Gingerbread Girl original graphic novel
Writer: Paul Tobin
Artist/Cover artist: Colleen Coover
Publisher: Top Shelf Productions
Price: $12.95 US
I pre-ordered this softcover graphic novel because I’m a big fan of artist Colleen Coover’s work. I didn’t even bother to find out what the story was about before committing to its purchase, so the subject matter was a complete surprise as I made my way through the first few pages of the book. To describe writer Paul Tobin’s plotting and narration choices as unique and unconventional would be an understatement. At first, the storytelling approach and the odd idea at the heart of the story struck me as a bit off-putting, but the premise and the narration quickly started to grow on me. What’s really appealing about this book are the character studies. While the focus is on Annah, the main character, the repeated jumps from one narrator to another offer the writer an opportunity to explore a number of secondary or even inconsequential characters in an unusual way. Of course, the book’s greatest strength is Coover’s charmingly sweet yet ever-so-slightly saucy artwork. Publishing information in the front of the book categorizes this as a mystery book, and it’s a fitting label, as there are no definitive answers but a satisfying read nonetheless.
Portland, Oregon resident Annah is a bookstore clerk in her mid 20s who’s unlike just about any other person you’ll meet. She’s sexy, quirky and passionate, but she’s also a little manipulative impulsive and callous. Of course, those qualities aren’t what make her so unique. You see, Annah believes that she has a long-lost sister out there somewhere in the city, a sibling grown from a part of her brain responsible for touch. The result of an experiment by her scientist father, the sister, dubbed “Ginger,” has been Annah’s obsession for years. The question for Annah’s girlfriend (and others in her life) is clear: is Annah mentally ill, or is there something to her bizarre claim?
The above synopsis of the story makes the book sound quite seriously and even melancholy, and really, it’s much more carefree and light in tone overall. Yes, there’s a sense of melancholy that creeps into the narrative from time to time, but the dominant atmosphere is a positive one. Of course, with Colleen Coover providing the artwork, how could it not be? Her characters are always cute and charming. Even the more nefarious figures (such as the con artist/fortune teller who occasionally serves as the narrator) is appealing in his own campy way. Coover has opted not for black-and-white artwork here or full color. Instead, we get a monochromatic approach, not unlike what we’ve seen from Darwyn Cooke with his Parker graphic novels. She’s opted for a dull brown tone to add texture and depth to the visuals. It’s an unusual choice, given the lighter, airier qualities of her line art and figures. It doesn’t work against the storytelling, but I’m genuinely curious what more of a pastel tone might have added to the book.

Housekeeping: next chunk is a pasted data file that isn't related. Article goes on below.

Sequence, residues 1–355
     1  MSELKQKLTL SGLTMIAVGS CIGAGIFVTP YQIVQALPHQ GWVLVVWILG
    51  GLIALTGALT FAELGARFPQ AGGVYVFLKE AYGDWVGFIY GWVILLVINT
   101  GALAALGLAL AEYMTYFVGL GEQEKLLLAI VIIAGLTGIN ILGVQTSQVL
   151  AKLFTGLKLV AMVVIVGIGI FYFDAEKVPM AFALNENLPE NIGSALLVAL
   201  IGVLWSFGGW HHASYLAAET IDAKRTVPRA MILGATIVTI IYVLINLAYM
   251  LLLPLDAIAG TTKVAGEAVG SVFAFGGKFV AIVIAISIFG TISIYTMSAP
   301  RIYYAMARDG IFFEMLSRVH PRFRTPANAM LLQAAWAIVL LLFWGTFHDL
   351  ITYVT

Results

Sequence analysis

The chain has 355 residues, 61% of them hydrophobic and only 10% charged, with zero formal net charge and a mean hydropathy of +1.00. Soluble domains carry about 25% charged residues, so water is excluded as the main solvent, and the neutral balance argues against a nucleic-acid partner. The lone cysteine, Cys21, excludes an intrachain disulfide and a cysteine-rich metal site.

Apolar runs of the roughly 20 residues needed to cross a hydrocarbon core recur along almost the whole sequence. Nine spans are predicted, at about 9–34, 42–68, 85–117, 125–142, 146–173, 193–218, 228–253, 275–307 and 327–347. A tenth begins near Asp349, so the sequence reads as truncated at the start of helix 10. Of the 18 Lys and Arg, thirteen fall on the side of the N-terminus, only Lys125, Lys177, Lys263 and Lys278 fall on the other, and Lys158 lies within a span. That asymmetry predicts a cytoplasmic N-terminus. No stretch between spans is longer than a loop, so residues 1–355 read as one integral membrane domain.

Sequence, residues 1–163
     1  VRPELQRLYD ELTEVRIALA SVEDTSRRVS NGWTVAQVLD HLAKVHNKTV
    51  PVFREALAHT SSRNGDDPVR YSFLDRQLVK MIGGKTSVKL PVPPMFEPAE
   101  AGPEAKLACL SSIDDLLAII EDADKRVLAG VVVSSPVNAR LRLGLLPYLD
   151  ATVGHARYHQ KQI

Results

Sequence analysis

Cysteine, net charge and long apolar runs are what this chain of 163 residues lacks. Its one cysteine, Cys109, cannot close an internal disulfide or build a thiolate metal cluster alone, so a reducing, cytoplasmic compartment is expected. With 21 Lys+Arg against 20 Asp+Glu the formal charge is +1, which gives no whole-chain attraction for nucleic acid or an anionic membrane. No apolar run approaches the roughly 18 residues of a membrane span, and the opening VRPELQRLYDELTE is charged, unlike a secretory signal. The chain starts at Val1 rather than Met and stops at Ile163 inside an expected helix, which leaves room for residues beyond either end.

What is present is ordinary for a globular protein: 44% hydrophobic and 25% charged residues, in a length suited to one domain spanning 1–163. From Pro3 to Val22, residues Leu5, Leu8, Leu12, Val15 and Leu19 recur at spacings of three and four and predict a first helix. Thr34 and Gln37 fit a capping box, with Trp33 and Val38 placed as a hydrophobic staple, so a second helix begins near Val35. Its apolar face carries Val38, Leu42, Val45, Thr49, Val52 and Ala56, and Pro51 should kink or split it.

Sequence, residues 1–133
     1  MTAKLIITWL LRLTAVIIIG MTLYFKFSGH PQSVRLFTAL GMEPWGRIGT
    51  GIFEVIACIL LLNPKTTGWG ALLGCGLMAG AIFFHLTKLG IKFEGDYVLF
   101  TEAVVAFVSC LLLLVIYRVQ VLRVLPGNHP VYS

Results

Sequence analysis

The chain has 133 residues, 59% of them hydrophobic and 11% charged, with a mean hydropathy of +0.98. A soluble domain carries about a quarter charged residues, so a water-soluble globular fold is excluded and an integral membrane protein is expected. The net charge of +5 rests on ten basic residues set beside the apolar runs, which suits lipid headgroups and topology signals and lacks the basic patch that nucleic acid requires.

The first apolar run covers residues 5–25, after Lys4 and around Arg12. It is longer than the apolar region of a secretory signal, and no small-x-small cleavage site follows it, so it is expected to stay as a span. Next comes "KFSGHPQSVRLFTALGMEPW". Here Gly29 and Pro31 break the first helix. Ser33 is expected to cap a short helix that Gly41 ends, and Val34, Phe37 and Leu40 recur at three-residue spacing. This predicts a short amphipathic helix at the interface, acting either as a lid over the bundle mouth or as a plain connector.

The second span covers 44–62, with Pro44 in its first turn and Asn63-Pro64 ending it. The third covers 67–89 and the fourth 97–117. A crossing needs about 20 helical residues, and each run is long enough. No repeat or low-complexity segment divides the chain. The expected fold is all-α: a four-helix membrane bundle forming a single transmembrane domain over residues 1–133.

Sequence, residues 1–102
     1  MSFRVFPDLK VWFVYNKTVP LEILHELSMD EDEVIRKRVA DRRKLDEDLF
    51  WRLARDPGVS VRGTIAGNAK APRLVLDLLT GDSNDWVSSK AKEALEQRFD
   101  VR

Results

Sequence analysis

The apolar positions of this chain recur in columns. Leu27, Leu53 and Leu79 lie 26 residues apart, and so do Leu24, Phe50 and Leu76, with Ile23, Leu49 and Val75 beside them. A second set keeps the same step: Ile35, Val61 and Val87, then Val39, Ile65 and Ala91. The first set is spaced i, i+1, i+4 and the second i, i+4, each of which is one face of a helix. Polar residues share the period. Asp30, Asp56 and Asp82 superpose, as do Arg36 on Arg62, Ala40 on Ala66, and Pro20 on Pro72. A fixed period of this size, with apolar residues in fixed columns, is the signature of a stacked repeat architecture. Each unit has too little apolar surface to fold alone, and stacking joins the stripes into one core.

Tobin repeatedly moves the responsibility of narration from character to character, and he doesn’t limit himself to just the people who cross Annah’s path. It’s odd that the characters in the story become semi-omniscient narrators while still maintaining their own personalities and plotlines. At first, it was a little jarring, but it’s also an interesting experiment. By the end of the book, the reader becomes much more comfortable with how the secondary characters break the fourth wall to further the plot and explore Annah’s character.
The bizarre concept at the root of Annah’s dysfunction/illness is one that’s actually aided by exploration in the medium of graphic storytelling. Only in comics would the notion of a growing a person from another’s Penfield Homunculus gain any kind of credible footing. The openness and earnestness of the narrators also help to convince the reader of the slim possibility that Annah isn’t crazy or deluded.
Ultimately, it’s clear what’s really driving Annah’s belief: mental illness, to a certain degree. Tobin’s script gives the reader all of the information he or she needs to determine the origins of the protagonist’s delusion. A dysfunctional childhood and a sense of detachment from her family have led to her invent another family member to which she’s forever linked on a deeply emotional and even physiological level. Nevertheless, her delusion leaves her removed from that source of solace. It seems clear to me that it’s just representative of a larger trend in her life. While she yearns for love and connection to other people, she subconsciously tries to drive away people who care about her. She’s learned from her parents that love means risking pain, and she denies herself personal fulfillment to avoid that pain. 7/10
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